The solution here is building classifiers powered by NLP which role is early detection of biased questions based on the past applicants’ results. It would allow the preparation of a fair and inclusive set of questions during the admission/recruitment process for testing actual candidates’ skills, not their environmental background.
What exactly makes NLP systems biased?
The word embeddings technique is one of the most popular of Natural Language Processing methods and one of the most powerful ones.
It transforms actual words into mathematical vectors, which are later used as features in many predictive algorithms. It can be used for the analysis of job or loan applications to speed up these processes (and make them less subjective).
The problem is, these word embeddings can be easily biased because of the features of the actual human-generated internet data, from which they learn. Humans’ opinions are often subjective and biased, so the meaning of the words is then biased too.
From the perspective of the word embeddings algorithm, the easiest approach would be to gently ask humans to stop being racists and start producing less exclusive content. But even then, it would be hard to fight some indirect frequent words co-occurrences including historical, language ones, and even benevolent stereotypical ones.
For example, the association of female gender with any word, even a subjectively positive one such as attractive, can cause discrimination against women. The reason is, it can reduce their association with other terms, such as professional.
The actual ML approach to this problem seeks debiasing of words meaning (word embeddings) rather in skin-of-color neutralization (or softening) so that gender-neutral and race-neutral words are semantically equidistant to all human races (similarly as debiasing of gender described in this article).
A significant difference can be observed between well-established popular word embeddings and the debiased ones when comparing similar texts where the name is changed to provide ethnical connotations. The figure above presents visible bias against people of color, while the usage of debiased word embeddings is presented below.
Not only should AI algorithms be fed with inclusive AI datasets where all races are equally represented to avoid discrimination, but also variables should be carefully chosen to avoid any potential bias against people of color.
Selecting less biased representations of our world (like word embeddings) should be incorporated as a standard in all solutions to serve fairness, not only in the NLP field. We should make sure that we create algorithms that serve everyone, not only a small part of society.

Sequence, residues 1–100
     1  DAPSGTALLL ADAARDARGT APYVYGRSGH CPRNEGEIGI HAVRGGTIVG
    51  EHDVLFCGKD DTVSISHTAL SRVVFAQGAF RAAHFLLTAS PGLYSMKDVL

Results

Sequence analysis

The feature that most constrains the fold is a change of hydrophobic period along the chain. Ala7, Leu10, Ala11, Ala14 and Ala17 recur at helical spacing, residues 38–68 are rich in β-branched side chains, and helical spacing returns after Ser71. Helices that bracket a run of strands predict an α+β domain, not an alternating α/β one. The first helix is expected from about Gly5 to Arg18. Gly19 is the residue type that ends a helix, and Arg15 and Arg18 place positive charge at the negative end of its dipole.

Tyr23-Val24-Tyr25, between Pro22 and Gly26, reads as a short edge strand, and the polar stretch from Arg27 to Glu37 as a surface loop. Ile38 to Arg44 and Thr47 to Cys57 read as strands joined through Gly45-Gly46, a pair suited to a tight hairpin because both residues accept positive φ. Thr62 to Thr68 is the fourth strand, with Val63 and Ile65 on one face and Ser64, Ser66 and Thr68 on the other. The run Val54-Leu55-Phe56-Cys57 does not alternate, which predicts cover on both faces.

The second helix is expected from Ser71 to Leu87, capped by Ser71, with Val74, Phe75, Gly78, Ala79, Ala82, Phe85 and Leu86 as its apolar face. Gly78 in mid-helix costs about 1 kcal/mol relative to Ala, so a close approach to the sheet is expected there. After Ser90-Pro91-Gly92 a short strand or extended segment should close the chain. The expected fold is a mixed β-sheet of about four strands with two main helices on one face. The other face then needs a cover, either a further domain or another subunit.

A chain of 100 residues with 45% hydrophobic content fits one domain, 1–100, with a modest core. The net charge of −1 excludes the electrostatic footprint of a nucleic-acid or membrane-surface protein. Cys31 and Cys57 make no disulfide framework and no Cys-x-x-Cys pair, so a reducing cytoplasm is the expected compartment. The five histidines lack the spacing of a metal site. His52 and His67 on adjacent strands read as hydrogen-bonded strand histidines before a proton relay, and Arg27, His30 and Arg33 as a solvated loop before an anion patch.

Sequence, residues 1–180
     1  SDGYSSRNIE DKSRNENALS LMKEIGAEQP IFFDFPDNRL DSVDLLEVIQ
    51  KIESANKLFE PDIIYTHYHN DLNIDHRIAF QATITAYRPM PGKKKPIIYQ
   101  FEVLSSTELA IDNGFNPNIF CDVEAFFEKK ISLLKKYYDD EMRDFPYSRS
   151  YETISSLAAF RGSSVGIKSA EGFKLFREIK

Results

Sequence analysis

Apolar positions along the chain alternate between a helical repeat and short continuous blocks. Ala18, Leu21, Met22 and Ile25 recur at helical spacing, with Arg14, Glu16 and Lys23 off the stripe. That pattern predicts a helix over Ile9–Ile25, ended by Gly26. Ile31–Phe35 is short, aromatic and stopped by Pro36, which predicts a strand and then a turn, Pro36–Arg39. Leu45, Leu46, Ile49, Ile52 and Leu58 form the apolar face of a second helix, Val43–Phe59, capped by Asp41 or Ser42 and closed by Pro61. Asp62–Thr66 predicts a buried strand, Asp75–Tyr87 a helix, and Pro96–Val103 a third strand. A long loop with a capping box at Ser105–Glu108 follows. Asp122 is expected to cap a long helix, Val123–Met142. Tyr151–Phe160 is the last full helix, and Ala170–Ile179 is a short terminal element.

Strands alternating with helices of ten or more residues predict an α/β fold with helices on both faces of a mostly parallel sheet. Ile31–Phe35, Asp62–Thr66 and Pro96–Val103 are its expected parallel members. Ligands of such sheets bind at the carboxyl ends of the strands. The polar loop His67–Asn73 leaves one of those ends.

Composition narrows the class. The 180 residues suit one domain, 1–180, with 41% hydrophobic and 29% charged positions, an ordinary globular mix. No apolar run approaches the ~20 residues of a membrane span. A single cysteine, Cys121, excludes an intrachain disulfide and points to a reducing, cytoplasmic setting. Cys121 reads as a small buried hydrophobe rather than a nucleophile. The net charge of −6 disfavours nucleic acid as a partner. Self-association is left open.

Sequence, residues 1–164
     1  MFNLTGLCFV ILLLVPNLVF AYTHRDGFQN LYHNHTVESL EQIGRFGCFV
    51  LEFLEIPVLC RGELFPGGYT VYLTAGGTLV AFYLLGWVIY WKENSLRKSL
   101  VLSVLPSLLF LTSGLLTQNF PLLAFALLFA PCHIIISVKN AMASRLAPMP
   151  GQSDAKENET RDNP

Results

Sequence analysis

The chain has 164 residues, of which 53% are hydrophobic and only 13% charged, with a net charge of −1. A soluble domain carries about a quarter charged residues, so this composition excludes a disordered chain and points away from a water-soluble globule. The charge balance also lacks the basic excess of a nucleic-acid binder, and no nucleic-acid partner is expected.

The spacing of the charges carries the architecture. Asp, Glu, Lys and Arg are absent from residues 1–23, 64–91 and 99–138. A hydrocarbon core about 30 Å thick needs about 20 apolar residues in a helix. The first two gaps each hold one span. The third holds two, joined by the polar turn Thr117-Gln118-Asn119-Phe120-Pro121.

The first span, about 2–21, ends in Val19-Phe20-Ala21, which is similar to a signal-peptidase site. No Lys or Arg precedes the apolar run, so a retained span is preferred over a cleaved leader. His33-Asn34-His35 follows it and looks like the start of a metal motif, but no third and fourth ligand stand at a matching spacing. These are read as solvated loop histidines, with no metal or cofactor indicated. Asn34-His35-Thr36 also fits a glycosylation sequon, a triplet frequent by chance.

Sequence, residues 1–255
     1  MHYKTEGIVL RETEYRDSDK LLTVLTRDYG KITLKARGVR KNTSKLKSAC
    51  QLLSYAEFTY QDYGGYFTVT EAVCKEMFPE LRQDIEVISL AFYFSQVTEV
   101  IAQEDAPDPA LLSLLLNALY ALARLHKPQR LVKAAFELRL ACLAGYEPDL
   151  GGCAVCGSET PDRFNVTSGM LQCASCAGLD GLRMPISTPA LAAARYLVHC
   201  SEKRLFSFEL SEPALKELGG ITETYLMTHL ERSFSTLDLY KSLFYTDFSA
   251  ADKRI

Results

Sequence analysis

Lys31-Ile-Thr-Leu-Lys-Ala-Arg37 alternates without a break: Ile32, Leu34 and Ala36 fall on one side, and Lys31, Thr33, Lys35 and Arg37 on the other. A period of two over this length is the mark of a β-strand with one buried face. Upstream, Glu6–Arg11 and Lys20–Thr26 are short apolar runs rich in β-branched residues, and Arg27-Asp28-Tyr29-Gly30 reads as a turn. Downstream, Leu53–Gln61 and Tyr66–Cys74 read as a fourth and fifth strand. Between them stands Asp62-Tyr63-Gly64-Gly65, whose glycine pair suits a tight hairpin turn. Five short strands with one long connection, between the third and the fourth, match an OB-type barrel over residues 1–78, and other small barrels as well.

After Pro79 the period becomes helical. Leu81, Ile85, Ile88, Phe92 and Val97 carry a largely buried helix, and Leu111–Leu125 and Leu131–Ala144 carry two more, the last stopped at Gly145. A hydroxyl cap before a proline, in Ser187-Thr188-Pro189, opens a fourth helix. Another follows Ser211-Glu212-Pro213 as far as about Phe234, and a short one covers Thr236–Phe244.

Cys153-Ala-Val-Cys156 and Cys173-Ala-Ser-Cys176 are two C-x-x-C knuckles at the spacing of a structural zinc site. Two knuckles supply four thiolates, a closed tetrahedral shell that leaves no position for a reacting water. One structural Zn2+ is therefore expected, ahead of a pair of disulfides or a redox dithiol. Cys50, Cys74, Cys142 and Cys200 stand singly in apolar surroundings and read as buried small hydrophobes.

Verifying against exclusivity should be one of the most critical steps during the creation of machine learning software for any AI team to take. It is also crucial to focus on building awareness inside technology teams, which are creating these life-changing solutions.
Let’s make the future available for all of us.
- Angwin, J., et al. “Machine Bias.” ProPublica, 23 May 2016, accessed at www.propublica.org/article/machine-bias-risk-assessments-in-criminal-sentencing
- Bolukbasi, T., Chang, K.W., Zou, J.Y., Saligrama, V., and Kalai, A.T., 2016. Man is to computer programmer as woman is to homemaker? Debiasing word embeddings. In Advances in neural information processing systems (pp. 4349-4357).
- Buolamwini, J.A., 2017. Gender shades: intersectional phenotypic and demographic evaluation of face datasets and gender classifiers (Doctoral dissertation, Massachusetts Institute of Technology).
- Caliskan, A., Bryson, J., and Narayanan, A., 2017. Semantics derived automatically from language corpora contain human-like biases. Science, 356(6334), pp.183-186.
- Cuthbertson, Anthony. “Self-Driving Cars Are Be More Likely to Drive into Black People, Study Claims.” The Independent, Independent Digital News and Media, 6 Mar. 2019, www.independent.co.uk/life-style/gadgets-and-tech/news/self-driving-car-crash-racial-bias-black-people-study-a8810031.html.
- Flores, A.W., Bechtel, K., and Lowenkamp, C.T., 2016. False positives, false negatives, and false analyses: A rejoinder to machine bias: There’s software used across the country to predict future criminals. And it’s biased against blacks. Fed. Probation, 80, p.38.
- Ledford, H., 2019. Millions of black people affected by racial bias in health-care algorithms. Nature, 574(7780), pp.608-609.
- Jeffrey Pennington, Richard Socher, and Christopher D. Manning. 2014. GloVe: Global Vectors for Word Representation.
- Speer, R., 2017. ConceptNet Numberbatch 17.04: better, less-stereotyped word vectors. ConceptNet blog, Available at: https://blog.conceptnet.io/posts/2017/conceptnet-numberbatch-17-04-better-less-stereotyped-word-vectors/ Accessed 23 June 2020
- Speer, R., 2017. How to make a racist AI without really trying. ConceptNet blog, Available at: http://blog.conceptnet.io/posts/2017/how-to-make-a-racist-ai-without-really-trying/ Accessed 23 June 2020